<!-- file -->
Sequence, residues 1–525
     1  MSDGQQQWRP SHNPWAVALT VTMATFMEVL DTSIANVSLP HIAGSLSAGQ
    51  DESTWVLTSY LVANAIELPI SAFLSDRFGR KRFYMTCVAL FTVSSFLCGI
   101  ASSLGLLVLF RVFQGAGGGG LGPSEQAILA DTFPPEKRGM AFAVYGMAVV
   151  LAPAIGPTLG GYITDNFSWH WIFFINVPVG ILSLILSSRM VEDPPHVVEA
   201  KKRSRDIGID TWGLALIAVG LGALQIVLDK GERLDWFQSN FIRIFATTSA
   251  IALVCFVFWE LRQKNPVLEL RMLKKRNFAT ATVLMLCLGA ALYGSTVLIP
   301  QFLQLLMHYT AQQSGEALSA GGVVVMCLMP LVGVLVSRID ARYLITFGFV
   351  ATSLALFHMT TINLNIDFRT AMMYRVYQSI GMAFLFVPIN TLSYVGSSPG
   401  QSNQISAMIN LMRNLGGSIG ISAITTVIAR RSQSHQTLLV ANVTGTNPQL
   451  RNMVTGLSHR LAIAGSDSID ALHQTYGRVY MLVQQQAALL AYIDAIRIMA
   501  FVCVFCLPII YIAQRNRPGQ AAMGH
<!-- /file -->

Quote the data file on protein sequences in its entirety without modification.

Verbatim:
Sequence, residues 1–525
     1  MSDGQQQWRP SHNPWAVALT VTMATFMEVL DTSIANVSLP HIAGSLSAGQ
    51  DESTWVLTSY LVANAIELPI SAFLSDRFGR KRFYMTCVAL FTVSSFLCGI
   101  ASSLGLLVLF RVFQGAGGGG LGPSEQAILA DTFPPEKRGM AFAVYGMAVV
   151  LAPAIGPTLG GYITDNFSWH WIFFINVPVG ILSLILSSRM VEDPPHVVEA
   201  KKRSRDIGID TWGLALIAVG LGALQIVLDK GERLDWFQSN FIRIFATTSA
   251  IALVCFVFWE LRQKNPVLEL RMLKKRNFAT ATVLMLCLGA ALYGSTVLIP
   301  QFLQLLMHYT AQQSGEALSA GGVVVMCLMP LVGVLVSRID ARYLITFGFV
   351  ATSLALFHMT TINLNIDFRT AMMYRVYQSI GMAFLFVPIN TLSYVGSSPG
   401  QSNQISAMIN LMRNLGGSIG ISAITTVIAR RSQSHQTLLV ANVTGTNPQL
   451  RNMVTGLSHR LAIAGSDSID ALHQTYGRVY MLVQQQAALL AYIDAIRIMA
   501  FVCVFCLPII YIAQRNRPGQ AAMGH